Crime & Courts

SC father accused of killing his five children to claim insanity

The 2014 killings of five children in Red Bank

Timothy Ray Jones, Jr. is accused of killing his five children and dumping their bodies in Alabama in 2014.
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Timothy Ray Jones, Jr. is accused of killing his five children and dumping their bodies in Alabama in 2014.

Timothy Jones will use a rarely argued defense when he goes on trial in Lexington County for the murder of five children — not guilty by reason of insanity.

According to records in the Lexington County Courthouse, Jones' lawyers have notified 11th Circuit Solicitor Rick Hubbard that they intend to offer an insanity defense.

Hubbard has said he will seek the death penalty against Jones in a trial set to begin Oct. 15.

Jones, 36, is charged with murder in the August 2014 deaths of his five children — Merah, 8; Elias, 7; Nahtahn, 6; Gabriel, 2; and Elaine, 1.

Up to now, Jones' lawyers — Boyd Young and Robert Madsen — have not commented on what defense they would offer. Neither Young nor Madsen could be reached Tuesday.

The Red Bank father who is charged with the killing of his five young children will face the death penalty and is required to undergo a psychiatric evaluation.

Columbia defense attorney Jack Swerling, who has tried scores of murder cases and death-penalty cases in his 40-plus years of practicing law, said Tuesday the legal defense of not guilty by reason of insanity — called the M'Naghten rule after a precedent-setting British case — rarely is used in South Carolina. Sterling could not recall a single instance of the defense being successful in a S.C. murder case.

S.C. juries want to hold a killer responsible for his or her crimes, and the idea of finding someone not guilty by reason of insanity is contrary to that desire, Swerling said. "People want some sort of punishment."

A defendant found guilty by reason of insanity would be committed to the state mental facilities.

The standard for finding a person not guilty by reason of insanity is extremely high, Swerling said.

"It, basically, means that they (the defendant) cannot tell legal or moral right from legal or moral wrong," Swerling said. "To get to that standard, you really have to be psychotic or delusional."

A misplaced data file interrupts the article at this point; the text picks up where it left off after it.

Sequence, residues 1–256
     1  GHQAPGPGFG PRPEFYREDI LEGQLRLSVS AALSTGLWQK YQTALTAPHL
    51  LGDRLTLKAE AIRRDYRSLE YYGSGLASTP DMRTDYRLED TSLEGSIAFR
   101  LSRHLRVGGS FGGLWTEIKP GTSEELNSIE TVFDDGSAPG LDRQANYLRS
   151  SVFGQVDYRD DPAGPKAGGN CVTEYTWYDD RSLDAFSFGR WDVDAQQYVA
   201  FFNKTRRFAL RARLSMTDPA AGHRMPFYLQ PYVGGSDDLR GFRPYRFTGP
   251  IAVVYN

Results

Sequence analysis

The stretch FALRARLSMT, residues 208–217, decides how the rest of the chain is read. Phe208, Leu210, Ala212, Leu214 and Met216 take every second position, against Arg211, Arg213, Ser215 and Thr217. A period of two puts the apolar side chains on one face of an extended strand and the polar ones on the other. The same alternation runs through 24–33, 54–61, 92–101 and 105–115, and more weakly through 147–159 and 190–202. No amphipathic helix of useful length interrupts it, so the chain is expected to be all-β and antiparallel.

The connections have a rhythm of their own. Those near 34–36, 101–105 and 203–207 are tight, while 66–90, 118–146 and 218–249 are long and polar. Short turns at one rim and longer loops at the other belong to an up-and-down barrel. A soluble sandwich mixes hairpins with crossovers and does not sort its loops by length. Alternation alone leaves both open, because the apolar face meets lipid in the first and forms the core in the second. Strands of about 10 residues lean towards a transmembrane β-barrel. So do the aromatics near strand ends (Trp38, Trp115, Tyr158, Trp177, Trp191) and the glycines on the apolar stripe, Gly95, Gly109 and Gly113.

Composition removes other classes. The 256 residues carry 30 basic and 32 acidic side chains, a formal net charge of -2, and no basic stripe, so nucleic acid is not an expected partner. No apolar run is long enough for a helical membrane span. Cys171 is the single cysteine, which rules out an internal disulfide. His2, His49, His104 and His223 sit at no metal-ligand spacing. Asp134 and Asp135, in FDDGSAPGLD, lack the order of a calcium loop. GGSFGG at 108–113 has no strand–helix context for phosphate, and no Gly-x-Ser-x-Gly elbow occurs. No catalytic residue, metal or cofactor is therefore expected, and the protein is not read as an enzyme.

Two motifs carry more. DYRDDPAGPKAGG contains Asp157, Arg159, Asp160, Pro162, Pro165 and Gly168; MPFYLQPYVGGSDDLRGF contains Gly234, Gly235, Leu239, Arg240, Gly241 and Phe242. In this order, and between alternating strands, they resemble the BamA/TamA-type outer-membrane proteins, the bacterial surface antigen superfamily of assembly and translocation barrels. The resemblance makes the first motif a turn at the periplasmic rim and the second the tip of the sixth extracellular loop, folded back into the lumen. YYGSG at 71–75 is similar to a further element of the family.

In a case involving an insanity defense, the jury likely will hear psychiatric testimony from witnesses for both the defense and prosecution, Swerling said. "It will be a battle of psychiatrists."

The violent deaths of Jones' children sparked national media coverage. It was one of the largest mass killings in the Columbia area in decades.

Jones killed his children on Aug. 28, after picking them up from school and day care, according to records in the case. Four of the children were strangled. Nahtahn, 6, was beaten to death, records say. All the killings took place at his home at 2155-B South Lake Drive, records say.

Six days later, the mother of the children, Amber Jones, reported them missing and authorities began a search. At the time, the Jones were living apart because of marital problems, according to court records.

On Sept. 6, 2014, Jones was stopped by police in Raleigh, Miss., for driving under the influence. During that stop, police found a "large amount of blood and handwritten notes with directions" on how to kill and mutilate bodies. Police also found computers.

Three days later, Jones led police to the children's bodies in a rural area near Camden, Ala. He had transported the bodies from Lexington County to that site in plastic garbage bags, court records say.

Jones told investigators that he thought his children planned to kill him and then "chop him up and feed him to the dogs," records say.

A death-penalty trial has two phases — the guilt or innocence phase and, if there is a guilty verdict, a sentencing phase. In that phase, jurors decide whether the defendant gets the death penalty or life without the possibility of parole in prison.

Evidence about Jones' claim of insanity would be presented to the jury during the guilt or innocence phase, Swerling said. If the jury finds that Jones was guilty in the traditional sense — responsible for actions — the defense still could offer evidence concerning his mental state during the punishment phase as a way of showing Jones was not fully responsible for his actions.

Amber Jones, the children's mother, is suing the S.C. Department of Social Services, alleging that state agency failed to safeguard her children despite repeated reports that Jones posed a danger to them. She also has filed a second lawsuit seeking damages from Lexington County retailers, alleging they sold Timothy Jones a synthetic marijuana product that he was under the influence of when he killed the children.

Solicitor Hubbard was not available for comment Tuesday.

However, in court documents, the solicitor asks for a judge's order to require the defense to disclose "any and all information relating to the defendant's mental health."